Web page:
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Launch of Maritime Technology Cooperation Centre in the Pacific establishes ‘centre of excellence’ for the region

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MTCC Launch

13 Dec 2017 | Lami

A landmark event for the Pacific region took place today with the launch of the Maritime Technology Cooperation Centre in the Pacific (MTCC-Pacific). The MTCC-Pacific will become part of a global network, joining centres in Africa, Asia, the Caribbean and Latin America. Together, these centres will develop and promote low-carbon maritime transport systems in support of the United Nations Sustainable Development Goals (SDGs). The MTCC-Pacific will be based in Fiji and hosted by the Pacific Community (SPC) in collaboration with the Secretariat of the Pacific Regional Environment Programme (SPREP).

The vision of the MTCC-Pacific, which has been funded by the European Union in partnership with the International Maritime Organisation is to promote a Pacific low-carbon maritime transport that supports the sustainable development goals of PICTs. MTCC-Pacific forms part of the Global Network of MTCCs to work together with MTCCs in Africa, Asia, Caribbean and Latin America to achieve common objectives.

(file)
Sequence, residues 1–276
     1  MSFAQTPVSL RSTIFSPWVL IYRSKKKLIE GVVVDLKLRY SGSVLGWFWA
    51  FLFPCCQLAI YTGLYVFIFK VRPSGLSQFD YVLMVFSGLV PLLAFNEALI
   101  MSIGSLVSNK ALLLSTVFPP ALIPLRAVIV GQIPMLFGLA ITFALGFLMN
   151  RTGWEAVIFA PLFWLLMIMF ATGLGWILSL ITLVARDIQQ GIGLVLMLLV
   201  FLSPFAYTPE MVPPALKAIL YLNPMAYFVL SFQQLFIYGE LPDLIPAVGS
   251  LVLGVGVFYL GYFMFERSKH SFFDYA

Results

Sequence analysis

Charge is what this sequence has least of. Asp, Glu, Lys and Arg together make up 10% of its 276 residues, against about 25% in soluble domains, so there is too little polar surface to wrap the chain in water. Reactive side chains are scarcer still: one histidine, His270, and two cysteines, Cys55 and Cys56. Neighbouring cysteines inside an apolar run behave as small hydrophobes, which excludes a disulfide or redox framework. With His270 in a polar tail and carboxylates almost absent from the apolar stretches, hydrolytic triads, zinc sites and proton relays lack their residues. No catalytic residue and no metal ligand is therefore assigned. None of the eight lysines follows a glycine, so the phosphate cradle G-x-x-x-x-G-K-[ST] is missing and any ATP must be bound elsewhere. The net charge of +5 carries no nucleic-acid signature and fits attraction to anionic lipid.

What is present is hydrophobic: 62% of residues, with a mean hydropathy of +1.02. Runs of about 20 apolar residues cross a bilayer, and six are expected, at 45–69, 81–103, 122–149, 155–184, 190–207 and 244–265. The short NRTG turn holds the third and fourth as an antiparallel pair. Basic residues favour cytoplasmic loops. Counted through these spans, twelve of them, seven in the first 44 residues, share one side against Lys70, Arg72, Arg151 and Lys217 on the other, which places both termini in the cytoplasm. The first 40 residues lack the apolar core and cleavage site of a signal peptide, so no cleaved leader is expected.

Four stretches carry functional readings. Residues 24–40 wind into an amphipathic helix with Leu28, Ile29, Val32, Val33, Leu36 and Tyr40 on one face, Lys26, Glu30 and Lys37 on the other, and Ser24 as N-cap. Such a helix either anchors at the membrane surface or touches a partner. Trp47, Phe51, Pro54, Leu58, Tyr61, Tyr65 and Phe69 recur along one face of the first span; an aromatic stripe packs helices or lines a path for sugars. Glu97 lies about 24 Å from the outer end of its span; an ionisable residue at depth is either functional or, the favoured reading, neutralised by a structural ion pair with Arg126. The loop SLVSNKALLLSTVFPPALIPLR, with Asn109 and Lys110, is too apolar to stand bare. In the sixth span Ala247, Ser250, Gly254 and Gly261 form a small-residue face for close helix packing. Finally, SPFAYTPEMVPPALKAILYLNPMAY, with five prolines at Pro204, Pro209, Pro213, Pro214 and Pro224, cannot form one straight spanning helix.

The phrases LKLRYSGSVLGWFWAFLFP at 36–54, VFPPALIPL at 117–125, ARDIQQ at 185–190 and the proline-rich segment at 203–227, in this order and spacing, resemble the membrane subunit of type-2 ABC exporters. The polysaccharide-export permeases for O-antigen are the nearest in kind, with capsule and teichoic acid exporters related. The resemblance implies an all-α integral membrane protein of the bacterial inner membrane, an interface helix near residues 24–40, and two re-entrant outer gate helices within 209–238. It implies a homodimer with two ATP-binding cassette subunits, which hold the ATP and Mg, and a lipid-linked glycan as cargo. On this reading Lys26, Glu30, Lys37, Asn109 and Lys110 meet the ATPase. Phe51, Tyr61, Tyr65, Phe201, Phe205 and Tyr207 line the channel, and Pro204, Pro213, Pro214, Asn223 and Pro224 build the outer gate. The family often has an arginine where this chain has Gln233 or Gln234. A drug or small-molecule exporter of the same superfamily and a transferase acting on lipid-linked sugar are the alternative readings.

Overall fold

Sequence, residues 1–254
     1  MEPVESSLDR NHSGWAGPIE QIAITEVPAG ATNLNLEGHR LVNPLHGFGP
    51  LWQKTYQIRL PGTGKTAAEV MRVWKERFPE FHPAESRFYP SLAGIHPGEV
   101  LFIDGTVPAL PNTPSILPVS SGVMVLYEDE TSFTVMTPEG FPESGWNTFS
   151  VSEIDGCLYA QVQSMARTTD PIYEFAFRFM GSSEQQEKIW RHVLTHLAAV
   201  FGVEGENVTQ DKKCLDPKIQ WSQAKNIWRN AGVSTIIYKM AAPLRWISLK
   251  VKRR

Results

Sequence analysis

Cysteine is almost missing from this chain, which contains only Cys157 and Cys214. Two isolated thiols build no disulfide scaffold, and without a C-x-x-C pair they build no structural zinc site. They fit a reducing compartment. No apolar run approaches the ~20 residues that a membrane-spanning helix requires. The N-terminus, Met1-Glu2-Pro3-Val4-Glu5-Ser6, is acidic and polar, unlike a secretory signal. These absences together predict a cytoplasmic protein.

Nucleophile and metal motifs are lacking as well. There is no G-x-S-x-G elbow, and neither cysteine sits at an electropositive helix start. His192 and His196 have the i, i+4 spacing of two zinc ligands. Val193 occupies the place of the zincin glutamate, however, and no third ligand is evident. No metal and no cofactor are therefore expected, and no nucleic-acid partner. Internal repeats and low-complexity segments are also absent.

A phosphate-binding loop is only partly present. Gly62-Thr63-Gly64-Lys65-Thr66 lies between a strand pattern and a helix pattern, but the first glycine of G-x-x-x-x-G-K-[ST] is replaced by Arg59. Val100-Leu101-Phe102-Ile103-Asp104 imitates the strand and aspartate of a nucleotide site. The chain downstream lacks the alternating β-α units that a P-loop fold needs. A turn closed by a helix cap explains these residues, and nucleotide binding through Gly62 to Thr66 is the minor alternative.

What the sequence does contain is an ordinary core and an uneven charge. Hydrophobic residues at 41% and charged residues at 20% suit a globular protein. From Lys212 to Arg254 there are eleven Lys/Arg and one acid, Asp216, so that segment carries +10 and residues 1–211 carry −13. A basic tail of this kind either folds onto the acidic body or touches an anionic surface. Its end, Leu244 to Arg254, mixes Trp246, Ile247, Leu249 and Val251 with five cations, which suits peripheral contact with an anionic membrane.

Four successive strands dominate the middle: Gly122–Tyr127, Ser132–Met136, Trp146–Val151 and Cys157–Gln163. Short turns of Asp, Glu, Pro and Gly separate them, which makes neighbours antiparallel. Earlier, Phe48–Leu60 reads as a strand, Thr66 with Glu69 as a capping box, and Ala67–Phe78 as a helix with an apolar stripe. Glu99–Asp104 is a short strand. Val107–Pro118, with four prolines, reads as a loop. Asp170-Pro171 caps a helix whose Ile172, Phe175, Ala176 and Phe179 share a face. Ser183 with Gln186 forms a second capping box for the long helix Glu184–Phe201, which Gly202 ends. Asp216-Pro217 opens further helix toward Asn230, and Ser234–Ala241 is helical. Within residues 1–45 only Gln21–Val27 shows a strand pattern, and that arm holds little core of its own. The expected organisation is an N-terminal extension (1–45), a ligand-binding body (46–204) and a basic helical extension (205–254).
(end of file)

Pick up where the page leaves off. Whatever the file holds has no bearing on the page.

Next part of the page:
Speaking at the official launch ceremony, Fiji’s Minister for Forests Acting Minister for Fisheries, Hon. Osea Naiqamu highlighted the importance of the Centre both to Fiji and to the wider Pacific community saying, “Fiji is privileged to host the Maritime Technology Cooperation Centre in the Pacific (MTCC-Pacific) on behalf of the Pacific. This centre of excellence will provide invaluable support to Pacific Island Countries and Territories towards progressing their respective priorities and commitments towards achieving sustainable transport and reducing greenhouse gas emissions.”

The European Union Ambassador to Fiji and the Pacific His Excellency Julian Wilson said: “The EU is proud of the partnership with IMO in supporting the establishment of the MTCC-Pacific in Fiji. This institution has an important role to play on climate mitigation in the maritime shipping sector, thus helping the global community reach the Paris Agreement goals,”